...

UNIVERSITY OF CALIFORNIA

by user

on
Category: Documents
1

views

Report

Comments

Transcript

UNIVERSITY OF CALIFORNIA
UNIVERSITY
OF CALIFORNIA
SANTABARB.-\RA.
Office of the Chair
Telephone: (510)987-0711
Fax: (510) 76-0309
Email: [email protected]
Assemblyof the Academic Senate,Academic Council
Universityof Califomi a
1111Franklin Street,12th Floor
Oak/and.California 94607-5200
December 19, 2003
JOSEPH P. MULLINIX
SENIOR VICE PRESIDENT
BUSINESS AND FINANCE
Re:
C. JUDSONKING
PROVOST AND SENIOR VICE PRESIDENT
ACADEMIC AFFAIRS
Academic Council's Final Response on Proposed Revisions to the Unive~~it), of
California Policy on Sexual Harassment and Procedures for Responding to Reports
of Sexual Harassment
DearJoeandJud:
The Academic Council has completed its review of the Proposed Revisions to the University of
California Policy on Sexual Harassmentand Procedures for Responding to Reports of Sexual
Harassment, and I am pleased to submit our report to you. The Council's response is based on
comments received from the UCAF, UCEP, UCP&T, UCFW and CCGA System\vide
Committees; the Davis, San Diego, Irvine, Berkeley, Los Angeles, and Santa Barbara Divisions;
and on substantive discussions during our November and December Academic Council
meetings.
GeneralComments:
While the Academic Council recognizes the need to update and revise this policy in order to
bring conformity across the system, more review time would have enhanced the ability of the
Senate committees to conduct a more deliberative consultation, which is well warranted since
this is a policy that affects faculty rights. For example, since the revised policy is intended to
reflect current campus practices, it would have been instructive to have had the opportunity to
review actual campus experiences and their litigation histories. Given the short review period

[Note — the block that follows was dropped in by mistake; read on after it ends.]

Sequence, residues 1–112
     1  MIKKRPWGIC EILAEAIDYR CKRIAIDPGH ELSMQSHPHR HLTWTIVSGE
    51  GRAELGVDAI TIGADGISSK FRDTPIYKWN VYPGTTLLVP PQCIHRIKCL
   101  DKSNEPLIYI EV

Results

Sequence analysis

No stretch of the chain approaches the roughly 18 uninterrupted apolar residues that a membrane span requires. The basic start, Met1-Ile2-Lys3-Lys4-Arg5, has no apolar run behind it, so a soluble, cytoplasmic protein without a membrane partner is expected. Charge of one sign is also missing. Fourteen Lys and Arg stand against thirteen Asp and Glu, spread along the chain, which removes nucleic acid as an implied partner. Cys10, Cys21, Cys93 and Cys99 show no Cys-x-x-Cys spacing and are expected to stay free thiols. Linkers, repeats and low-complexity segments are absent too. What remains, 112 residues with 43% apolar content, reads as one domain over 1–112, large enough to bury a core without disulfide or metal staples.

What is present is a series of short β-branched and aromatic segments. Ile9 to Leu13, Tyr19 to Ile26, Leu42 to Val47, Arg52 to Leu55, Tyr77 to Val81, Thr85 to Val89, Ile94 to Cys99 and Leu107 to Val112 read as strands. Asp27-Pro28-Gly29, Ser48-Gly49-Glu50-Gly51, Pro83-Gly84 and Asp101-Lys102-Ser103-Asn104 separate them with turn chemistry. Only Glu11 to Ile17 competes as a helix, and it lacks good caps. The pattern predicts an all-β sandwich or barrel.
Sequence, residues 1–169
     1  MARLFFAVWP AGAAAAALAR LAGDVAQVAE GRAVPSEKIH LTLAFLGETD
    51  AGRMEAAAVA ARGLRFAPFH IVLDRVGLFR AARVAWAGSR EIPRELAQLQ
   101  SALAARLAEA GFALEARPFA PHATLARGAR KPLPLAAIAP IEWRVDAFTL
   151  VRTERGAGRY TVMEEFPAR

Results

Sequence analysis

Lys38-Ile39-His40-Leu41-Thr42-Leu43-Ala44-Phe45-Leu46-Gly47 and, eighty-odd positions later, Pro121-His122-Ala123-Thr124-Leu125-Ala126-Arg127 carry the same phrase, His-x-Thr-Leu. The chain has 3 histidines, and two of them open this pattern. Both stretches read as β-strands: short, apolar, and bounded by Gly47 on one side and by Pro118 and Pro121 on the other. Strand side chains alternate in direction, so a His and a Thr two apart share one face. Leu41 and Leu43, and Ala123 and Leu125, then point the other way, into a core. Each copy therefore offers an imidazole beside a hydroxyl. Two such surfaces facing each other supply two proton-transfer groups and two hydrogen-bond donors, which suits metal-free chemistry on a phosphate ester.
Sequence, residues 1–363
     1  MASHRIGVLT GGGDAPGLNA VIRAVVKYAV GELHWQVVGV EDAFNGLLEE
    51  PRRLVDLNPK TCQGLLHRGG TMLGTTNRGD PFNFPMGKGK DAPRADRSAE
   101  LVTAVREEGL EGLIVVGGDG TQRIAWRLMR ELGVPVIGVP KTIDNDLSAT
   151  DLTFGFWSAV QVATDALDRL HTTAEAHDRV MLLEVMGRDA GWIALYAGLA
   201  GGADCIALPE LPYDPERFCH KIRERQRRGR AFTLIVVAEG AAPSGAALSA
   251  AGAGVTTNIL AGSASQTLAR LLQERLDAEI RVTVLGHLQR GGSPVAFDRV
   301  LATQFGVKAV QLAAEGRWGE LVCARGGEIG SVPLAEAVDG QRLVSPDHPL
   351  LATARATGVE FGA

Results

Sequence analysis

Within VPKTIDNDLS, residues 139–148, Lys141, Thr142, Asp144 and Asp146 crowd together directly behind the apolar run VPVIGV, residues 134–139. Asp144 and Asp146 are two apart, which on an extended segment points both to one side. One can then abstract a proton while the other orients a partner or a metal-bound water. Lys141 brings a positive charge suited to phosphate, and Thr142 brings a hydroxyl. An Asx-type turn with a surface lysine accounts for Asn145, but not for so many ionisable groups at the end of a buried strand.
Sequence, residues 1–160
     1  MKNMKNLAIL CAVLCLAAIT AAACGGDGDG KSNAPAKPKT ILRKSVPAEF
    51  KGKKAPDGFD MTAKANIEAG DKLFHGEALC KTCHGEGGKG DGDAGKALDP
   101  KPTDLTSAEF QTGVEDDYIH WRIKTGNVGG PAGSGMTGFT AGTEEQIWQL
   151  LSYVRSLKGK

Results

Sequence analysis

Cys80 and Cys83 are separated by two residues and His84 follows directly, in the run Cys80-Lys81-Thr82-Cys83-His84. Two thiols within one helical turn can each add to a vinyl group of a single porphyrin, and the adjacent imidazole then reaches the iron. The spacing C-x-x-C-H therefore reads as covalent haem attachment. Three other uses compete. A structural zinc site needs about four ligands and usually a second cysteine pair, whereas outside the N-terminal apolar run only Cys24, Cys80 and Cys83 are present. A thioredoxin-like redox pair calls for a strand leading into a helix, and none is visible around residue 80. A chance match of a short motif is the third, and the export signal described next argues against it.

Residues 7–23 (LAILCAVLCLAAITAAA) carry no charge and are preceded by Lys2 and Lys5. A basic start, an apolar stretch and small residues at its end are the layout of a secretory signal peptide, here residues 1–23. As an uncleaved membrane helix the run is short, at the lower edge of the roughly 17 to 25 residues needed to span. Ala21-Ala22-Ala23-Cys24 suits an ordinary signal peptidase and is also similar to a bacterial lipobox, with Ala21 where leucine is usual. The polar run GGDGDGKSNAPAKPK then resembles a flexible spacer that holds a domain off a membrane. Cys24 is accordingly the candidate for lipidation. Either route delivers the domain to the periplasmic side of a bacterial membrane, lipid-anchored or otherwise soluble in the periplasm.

afforded the Senate, a carefully prepared executive summary that highlighted the significant
changes from the old policy would have beenhelpful.
Suggested
Modifications:
B. Definition of Sexual Harassment(page 1)
.The
definition is unduly broad, as it applies to all members of the "university
community" including visitors to university campuses. Taken literally, this means that
university disciplinary procedureswould be available to a campus visitor claiming sexual
harassmentby another visitor. Since it is unlikely that this is what the drafters intended,
the second paragraphshould be reframed.
SANTACRUZ
.The
Council took exception to the phrase "severe and pervasive" in the last sentence
of this provision, and recommends changing the wording in the definition to "severe Q.!
pervasive. This is the language used in many of the campus policies. Several
respondents suggestedadding "persistent" -"severe, persistent. or pervasive" to indicate
that the conduct will be judged as harassment whether it is a single serious act, a longcontinued set of actions, or a systematic pattern.
.To
add greater clarity to the definition, examples of conduct that might constitute
sexual harassmentshould be included.
E. Disciplinary Action in Response to Sexual Harassment (page 3)
.The
Council has a concern about the last sentenceof this provision -"Conduct that is